The Whyte Stuff: Respect comes with doling out credit where credit is due
Years ago, a father walked into my office at Oceanside to explain to me his son would play elsewhere because he didn’t make the top team at DYHA.
As I was telling him I understood, he blurted out, “I know one day, Sean, your dream will come true. You will have a player from your program make it to the NHL.”
I immediately responded, “You honestly think that is my dream?” He looked at me like my Boxer when I made a strange sound – cocking his head to the side and a puzzled expression on his face.
I explained that my dream was to teach as many young players as I could about life, using hockey as a medium.
There is so much hockey offers that will ultimately benefit everyone involved, such as teamwork, accountability, discipline and respect.
He still didn’t quite understand where I was coming from. He truly thought all I wanted was to put a player from Arizona in the NHL.
Well, many years later, we have a homegrown Arizonian drafted first overall into the NHL. What an astounding feat! From a place where having a hockey arena is like keeping an ice cube frozen in the oven.
The Toronto Maple Leafs drafted Auston Matthews No. 1 and then Todd Burgess was taken by the Ottawa Senators in the fourth round. A great accomplishment for Arizona.
Or is it?
Is Matthews a product of what Arizona is producing as hockey players? Or is he someone that truly worked countless hours with the God-given talents endowed within his soul? I constantly heard whispers, “His parents are going to burn Auston out!” What they didn’t realize was it was probably the other way around.
For all this young hockey phenom has surpassed, and all he most likely will during his NHL career, I would love to take some sort of credit. However, I look at it in a different light.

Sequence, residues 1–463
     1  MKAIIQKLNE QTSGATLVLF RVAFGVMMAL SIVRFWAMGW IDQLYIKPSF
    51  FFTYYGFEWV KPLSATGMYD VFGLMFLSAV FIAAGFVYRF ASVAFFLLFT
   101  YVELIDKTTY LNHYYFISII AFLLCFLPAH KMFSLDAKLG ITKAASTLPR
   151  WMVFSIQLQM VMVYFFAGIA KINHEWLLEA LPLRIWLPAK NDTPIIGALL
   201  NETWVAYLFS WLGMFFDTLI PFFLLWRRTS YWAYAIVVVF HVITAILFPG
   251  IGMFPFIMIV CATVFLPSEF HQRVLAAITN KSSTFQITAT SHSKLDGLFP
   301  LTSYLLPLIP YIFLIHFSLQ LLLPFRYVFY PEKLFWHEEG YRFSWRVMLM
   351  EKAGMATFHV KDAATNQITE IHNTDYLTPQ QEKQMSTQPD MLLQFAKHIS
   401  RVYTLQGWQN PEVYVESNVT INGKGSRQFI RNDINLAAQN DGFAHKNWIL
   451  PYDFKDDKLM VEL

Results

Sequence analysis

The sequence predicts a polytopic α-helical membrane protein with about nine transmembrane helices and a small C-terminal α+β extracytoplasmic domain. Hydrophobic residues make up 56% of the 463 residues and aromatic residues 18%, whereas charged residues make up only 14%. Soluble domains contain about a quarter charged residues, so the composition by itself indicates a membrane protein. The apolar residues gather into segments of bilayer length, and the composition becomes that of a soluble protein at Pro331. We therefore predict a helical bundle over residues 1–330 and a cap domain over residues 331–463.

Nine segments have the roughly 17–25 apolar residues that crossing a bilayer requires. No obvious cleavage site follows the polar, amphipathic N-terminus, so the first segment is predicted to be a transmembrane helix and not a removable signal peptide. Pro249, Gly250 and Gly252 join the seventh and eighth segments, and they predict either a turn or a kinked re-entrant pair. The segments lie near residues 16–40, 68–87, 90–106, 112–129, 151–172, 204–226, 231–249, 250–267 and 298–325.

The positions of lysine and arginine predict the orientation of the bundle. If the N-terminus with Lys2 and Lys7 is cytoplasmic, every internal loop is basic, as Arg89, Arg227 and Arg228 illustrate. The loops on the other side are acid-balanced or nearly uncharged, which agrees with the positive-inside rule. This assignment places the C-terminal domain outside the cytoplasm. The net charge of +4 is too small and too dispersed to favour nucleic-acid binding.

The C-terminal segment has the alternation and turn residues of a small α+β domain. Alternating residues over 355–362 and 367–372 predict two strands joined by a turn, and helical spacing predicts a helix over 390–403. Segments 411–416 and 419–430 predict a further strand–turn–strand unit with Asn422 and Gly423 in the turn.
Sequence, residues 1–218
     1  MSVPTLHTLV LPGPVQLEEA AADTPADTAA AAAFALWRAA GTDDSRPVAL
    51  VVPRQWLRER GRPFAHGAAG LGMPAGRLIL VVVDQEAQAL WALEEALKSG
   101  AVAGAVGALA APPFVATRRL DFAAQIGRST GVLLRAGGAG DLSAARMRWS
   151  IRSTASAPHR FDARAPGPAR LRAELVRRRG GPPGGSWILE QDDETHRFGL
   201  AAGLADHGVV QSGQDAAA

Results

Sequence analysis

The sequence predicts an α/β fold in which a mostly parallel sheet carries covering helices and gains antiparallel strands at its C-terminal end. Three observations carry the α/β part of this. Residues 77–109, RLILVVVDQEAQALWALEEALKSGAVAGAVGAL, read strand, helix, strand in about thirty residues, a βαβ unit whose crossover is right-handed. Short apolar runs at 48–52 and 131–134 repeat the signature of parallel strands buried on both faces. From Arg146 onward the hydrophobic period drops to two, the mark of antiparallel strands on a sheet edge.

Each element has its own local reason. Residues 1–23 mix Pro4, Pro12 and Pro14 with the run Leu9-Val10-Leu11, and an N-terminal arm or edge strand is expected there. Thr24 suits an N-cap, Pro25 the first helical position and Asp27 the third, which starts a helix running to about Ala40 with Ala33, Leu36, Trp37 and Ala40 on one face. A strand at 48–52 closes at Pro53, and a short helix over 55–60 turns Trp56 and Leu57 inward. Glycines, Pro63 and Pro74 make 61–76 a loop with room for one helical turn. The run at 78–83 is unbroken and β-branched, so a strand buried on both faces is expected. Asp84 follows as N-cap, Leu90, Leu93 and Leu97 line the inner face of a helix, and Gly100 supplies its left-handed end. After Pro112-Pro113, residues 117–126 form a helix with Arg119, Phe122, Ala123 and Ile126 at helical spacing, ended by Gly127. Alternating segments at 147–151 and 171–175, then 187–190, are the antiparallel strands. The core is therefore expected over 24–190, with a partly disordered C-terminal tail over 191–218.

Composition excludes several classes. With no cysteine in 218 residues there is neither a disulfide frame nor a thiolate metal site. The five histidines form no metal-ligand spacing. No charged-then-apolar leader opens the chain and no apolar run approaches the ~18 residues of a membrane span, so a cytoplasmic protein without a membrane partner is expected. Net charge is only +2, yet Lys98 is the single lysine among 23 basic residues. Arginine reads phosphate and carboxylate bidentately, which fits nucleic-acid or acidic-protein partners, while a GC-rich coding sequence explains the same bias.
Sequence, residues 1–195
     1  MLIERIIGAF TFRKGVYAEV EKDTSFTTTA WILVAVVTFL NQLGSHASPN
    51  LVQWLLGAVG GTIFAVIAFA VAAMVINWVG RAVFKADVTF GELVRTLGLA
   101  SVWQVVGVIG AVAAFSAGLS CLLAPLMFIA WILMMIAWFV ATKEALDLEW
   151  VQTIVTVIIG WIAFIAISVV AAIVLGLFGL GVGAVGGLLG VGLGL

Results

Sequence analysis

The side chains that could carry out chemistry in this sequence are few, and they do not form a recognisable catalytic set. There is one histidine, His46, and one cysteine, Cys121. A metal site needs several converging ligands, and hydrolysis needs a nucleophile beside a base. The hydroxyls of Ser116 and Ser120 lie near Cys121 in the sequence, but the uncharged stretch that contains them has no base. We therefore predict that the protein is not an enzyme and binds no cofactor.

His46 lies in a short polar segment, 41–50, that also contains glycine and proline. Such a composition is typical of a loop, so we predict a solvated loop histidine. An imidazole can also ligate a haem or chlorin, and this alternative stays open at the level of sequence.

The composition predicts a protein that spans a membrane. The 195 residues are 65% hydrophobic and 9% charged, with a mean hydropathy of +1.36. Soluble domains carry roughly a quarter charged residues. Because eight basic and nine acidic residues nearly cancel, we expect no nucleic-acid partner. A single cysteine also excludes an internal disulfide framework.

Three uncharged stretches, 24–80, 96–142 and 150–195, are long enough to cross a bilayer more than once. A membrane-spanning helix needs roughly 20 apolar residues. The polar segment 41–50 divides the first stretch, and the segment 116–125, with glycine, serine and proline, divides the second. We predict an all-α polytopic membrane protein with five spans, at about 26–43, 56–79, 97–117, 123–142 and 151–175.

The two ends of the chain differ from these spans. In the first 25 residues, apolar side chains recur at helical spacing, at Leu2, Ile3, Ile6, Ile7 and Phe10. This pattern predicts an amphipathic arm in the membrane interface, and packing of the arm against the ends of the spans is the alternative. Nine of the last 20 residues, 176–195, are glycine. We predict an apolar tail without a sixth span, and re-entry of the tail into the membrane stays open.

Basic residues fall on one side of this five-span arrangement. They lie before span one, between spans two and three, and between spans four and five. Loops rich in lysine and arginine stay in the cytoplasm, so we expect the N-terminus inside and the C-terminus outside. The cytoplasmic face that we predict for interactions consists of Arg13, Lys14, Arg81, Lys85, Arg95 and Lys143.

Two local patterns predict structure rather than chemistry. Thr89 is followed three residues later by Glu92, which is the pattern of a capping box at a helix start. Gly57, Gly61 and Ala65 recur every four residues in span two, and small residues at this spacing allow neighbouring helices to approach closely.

Rather than viewing this young man’s prosperous pilgrimage as one I played a part in, I immerse myself in being given the opportunity to work with a player so truly genuine and pure to the sport. Auston, or so affectionately nicknamed, “Papi,” has endured an arduous road that most could not envision. His work ethic is incomparable, and is only compounded by his passion and inherent ability to learn a skill and keep it forever.
Like a saying I heard years ago, “Amateurs do it until they get it right. Professionals do it until they don’t get it wrong.” Matthews has taken one of the most unconventional paths to the top, but his success is truly based on one thing only: Auston Matthews.
If any credit should be doled out, it can only go to this astounding young man and his incredibly kind and humble family. Anyone else passing claim on his success only does him an injustice.
Don’t get me wrong. I firmly believe all of his coaches had a play in his development, but please don’t lose sight of all the time and effort Auston put in himself. I throw kudos out to Boris Dorozhenko, Don Granato and Marc Crawford. I’m positive they were huge influences in his development.
But let’s face it, Auston Matthews was going to make it based on Auston Matthews.
When I was drafted into the NHL, the GM of my junior team made it clear to me the only reason I was drafted was because of them. I felt so cheated. None of them put in the work or dealt with the pain, suffering and tears that I did. I owe my gratitude to my family and my first coach, Don Giesebrecht.
For all those playing hockey in Arizona, be proud! Mr. Auston Matthews has put us on the hockey map! But also respect that everything he has done to get this far is out of sheer determination and faith on his part.
Sean Whyte is the director of hockey operations and coach-in-chief at DYHA.